That faint signal is a spiritual one . . . the notion that maybe God isn’t a joke, despite the perversions imposed by humankind when it attempts to institutionalize (and exploit) the popular instinct for God through religion. Lenny finally emerges as a man who has remained true to the church, someone untouched by scandal, someone who has maintained his chastity, someone who believes in prayer (and has a few miracles under his belt); and yet, someone who wrestles with doubt about God (despite his miracles), and with his own un-charitable nature.

As noted before, even the best characters in TYP have their Achilles heel. Lenny expresses his own through an insensitive intransigence, as when yelling at the nun who cries at her sister’s funeral, banning those who he doesn’t like to Alaska as punishment, his intentional humiliation of the cardinals (kissing his feet after his talk), his insulting the Harvard-trained Sofia, the “marketing guru”, about the decline of her alma mater ahd her not being up on pop culture. And then there is his rigid anti-gay sentiments and his strict rule banning women who had abortions from forgiveness (can’t receive the sacraments anymore).

Sorrentino does drop a few hints in the final episode that Lenny is moving past some of his rigid faults, e.g. his appointment of now Cardinal Gutierrez as his personal secretary despite Gutierrez’s admission of being gay. And he finally moves past his obsession with hiding himself from public view (which stemmed more from a desire to seem more mysteriously powerful and wise than in self-deprecating piety), giving a Christmas address in Venice during the light of day. But a bright future for a newly humanized Pope Pius is not to be. Venice was an intentional venue for the Young Pope’s first photo op, given that it was the city where he was abandoned by his hippie parents. Might they still be there? Lenny brings a mini-telescope to the balcony, and after concluding his speech, he scans the crowd. And yes – there they are!!! Or maybe, anyway – when he looked twice they were gone (again the parallels with the fleeting mystery of “God moments”).

But then Jesus finally makes his grand appearance! Pope Lenny, despite seeming to be in ruddy good health, has a bad cigarette habit. In an earlier episode, he fell down in a swoon – why? In the final moment of the show, the swoon comes back, this time with Lenny clutching at his heart and a cardinal ordering that a doctor be called. He falls down and looks up – and yes, there in the clouds is a possible but unlikely cloud formation – one that look unmistakably like Jesus!! (I guess that Sorrentino is riffing on “Our Lady of the Tortilla”.)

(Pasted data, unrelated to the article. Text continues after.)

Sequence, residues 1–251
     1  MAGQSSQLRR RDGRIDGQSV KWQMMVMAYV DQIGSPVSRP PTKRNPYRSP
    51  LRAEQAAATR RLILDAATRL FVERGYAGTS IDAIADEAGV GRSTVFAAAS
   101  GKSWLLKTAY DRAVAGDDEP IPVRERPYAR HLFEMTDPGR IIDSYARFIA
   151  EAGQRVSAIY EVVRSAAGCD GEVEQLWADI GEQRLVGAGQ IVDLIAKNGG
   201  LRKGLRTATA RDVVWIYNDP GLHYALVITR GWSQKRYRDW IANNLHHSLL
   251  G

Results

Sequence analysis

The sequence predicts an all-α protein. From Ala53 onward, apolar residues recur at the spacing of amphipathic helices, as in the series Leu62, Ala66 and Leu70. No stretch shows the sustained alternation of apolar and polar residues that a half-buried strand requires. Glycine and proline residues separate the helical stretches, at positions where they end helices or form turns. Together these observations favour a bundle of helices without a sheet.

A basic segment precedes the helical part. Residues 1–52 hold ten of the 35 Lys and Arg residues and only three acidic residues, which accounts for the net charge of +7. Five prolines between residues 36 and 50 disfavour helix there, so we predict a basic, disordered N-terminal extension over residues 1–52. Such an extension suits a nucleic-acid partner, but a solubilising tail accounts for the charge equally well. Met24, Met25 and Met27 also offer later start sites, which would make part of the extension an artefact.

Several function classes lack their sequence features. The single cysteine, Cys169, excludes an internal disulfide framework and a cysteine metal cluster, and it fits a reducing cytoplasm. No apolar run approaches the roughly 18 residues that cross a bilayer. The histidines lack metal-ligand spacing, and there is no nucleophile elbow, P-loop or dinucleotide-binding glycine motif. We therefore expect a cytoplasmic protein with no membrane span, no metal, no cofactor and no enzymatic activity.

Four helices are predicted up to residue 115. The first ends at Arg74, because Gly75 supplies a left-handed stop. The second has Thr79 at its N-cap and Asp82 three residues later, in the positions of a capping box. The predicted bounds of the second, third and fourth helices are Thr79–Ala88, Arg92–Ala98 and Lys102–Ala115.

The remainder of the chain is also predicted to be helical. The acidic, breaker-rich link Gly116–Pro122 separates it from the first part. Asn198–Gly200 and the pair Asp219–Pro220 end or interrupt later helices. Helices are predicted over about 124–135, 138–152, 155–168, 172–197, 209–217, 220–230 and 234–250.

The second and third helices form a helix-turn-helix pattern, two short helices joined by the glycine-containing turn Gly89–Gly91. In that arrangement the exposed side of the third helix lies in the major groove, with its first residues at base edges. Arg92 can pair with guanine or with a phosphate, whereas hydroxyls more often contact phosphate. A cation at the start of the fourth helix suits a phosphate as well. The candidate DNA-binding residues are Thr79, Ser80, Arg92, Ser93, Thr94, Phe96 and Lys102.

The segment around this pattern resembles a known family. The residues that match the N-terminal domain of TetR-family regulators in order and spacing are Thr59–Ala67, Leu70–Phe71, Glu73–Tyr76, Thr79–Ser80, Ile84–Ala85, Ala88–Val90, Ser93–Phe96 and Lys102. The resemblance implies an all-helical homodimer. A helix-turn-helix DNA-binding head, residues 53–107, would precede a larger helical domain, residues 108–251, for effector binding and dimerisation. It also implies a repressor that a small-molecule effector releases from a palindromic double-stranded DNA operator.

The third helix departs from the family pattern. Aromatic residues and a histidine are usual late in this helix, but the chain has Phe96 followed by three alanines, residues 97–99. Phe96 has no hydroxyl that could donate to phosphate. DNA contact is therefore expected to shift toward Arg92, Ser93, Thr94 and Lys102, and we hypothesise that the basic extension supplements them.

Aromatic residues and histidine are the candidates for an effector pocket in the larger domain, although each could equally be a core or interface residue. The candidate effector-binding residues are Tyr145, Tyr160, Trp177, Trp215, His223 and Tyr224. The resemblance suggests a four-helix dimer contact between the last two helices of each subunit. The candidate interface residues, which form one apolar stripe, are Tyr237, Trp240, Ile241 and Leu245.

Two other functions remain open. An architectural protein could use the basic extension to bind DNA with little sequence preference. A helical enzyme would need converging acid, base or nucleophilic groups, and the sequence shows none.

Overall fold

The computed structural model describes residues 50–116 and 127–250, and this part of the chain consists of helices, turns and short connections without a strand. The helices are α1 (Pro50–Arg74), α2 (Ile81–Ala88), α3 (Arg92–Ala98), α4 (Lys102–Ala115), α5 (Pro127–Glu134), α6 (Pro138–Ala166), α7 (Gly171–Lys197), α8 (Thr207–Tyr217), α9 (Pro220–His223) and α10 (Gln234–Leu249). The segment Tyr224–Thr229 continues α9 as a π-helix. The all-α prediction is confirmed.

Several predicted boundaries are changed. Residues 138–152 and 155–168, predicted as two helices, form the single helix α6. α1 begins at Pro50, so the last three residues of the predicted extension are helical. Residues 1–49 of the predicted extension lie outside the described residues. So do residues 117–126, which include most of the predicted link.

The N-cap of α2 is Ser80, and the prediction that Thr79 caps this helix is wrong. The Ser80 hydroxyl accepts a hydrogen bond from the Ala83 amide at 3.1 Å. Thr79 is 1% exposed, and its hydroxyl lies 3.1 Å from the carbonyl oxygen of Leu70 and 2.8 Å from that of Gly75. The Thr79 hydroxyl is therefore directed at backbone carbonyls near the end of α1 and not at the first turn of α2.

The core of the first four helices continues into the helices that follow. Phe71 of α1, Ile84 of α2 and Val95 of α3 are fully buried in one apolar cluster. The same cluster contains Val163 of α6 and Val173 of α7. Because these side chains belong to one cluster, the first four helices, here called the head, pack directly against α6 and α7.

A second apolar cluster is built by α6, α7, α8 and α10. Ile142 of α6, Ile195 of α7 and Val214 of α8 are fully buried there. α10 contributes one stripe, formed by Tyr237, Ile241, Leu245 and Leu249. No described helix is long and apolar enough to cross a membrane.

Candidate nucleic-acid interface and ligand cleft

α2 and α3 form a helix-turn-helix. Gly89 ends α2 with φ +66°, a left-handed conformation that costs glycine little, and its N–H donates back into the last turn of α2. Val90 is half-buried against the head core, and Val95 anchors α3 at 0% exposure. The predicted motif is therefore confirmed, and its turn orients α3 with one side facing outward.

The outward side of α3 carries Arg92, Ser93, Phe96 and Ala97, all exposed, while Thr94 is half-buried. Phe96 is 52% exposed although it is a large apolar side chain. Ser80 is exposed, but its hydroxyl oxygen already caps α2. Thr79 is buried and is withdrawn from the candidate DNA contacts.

So, Sorrentino ends the show in mystery – did Lenny really see his parents? Did he really see Jesus? Or was it all just an unlikely but scientifically feasible coincidence? Many modern people today have moved past such mystery. They live in a world of science and psychology, of rationality and results. And they look to intelligent writers and producers like Sorrentino for their entertainment. But despite the rationalist leanings of his viewers, Sorrentino refuses to close the door, to either God or to the Church. Yes, there is much suffering in the world; yes, even if there is a God, that God so often seems to have abandoned us. And yes, the existence of a sentient, supposedly-caring God does not line up with what our data on the universe tells us about it, as interpreted through the brilliance of our scientists and mathematicians.

And yet . . . and yet, The Young Pope is not a television experience to be taken lightly or to be easily forgotten. Supposedly Sorrentino is working on something like a sequel, called “The New Pope” (assumedly Pope Pius XIII has died or has resigned for medical incapacity). I hope that he can maintain in that series something of the profound mystery that unexpectedly emerged amidst all of the buzzing, entertaining worldliness and weirdness of The Young Pope.